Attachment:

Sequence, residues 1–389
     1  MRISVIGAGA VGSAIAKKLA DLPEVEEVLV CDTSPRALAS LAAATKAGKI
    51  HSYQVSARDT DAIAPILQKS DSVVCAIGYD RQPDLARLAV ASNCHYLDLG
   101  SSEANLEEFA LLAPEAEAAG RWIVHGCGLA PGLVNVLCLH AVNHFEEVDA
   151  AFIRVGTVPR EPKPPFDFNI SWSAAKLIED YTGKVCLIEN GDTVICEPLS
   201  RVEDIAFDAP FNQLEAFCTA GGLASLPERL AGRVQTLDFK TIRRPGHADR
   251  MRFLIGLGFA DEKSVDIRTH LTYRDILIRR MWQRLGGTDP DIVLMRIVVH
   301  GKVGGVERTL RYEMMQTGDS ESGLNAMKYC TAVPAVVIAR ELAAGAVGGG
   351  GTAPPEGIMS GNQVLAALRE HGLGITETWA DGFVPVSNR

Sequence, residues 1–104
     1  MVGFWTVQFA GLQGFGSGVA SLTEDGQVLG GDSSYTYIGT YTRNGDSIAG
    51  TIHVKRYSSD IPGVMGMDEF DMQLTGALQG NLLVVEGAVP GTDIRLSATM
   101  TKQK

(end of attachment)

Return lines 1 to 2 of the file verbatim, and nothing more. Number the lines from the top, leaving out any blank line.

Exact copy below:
Sequence, residues 1–389
     1  MRISVIGAGA VGSAIAKKLA DLPEVEEVLV CDTSPRALAS LAAATKAGKI